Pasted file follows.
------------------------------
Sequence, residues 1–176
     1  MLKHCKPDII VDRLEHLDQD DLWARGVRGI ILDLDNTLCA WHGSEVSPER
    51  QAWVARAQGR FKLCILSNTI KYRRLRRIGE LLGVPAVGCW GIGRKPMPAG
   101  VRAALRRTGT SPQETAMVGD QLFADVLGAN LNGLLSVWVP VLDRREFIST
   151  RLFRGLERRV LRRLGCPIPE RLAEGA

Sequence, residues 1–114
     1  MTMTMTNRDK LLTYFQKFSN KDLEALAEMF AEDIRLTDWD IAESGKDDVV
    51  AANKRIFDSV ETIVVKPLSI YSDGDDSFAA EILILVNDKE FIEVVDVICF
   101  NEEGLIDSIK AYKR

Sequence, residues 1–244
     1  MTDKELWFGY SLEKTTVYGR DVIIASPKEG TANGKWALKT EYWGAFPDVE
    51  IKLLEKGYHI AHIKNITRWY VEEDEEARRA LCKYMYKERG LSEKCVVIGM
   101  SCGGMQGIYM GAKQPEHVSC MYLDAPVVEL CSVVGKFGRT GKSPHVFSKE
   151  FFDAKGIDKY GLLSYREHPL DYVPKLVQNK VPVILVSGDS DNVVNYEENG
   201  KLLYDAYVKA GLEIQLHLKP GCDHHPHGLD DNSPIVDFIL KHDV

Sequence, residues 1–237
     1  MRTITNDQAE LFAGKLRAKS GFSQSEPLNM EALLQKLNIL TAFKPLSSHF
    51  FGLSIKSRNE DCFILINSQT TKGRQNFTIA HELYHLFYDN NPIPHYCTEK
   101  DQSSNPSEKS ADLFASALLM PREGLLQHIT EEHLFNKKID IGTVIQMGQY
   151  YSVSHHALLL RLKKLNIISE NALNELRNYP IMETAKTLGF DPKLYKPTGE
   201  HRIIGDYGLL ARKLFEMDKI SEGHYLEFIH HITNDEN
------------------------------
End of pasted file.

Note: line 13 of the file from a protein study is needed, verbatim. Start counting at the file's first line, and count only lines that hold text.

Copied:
   101  SCGGMQGIYM GAKQPEHVSC MYLDAPVVEL CSVVGKFGRT GKSPHVFSKE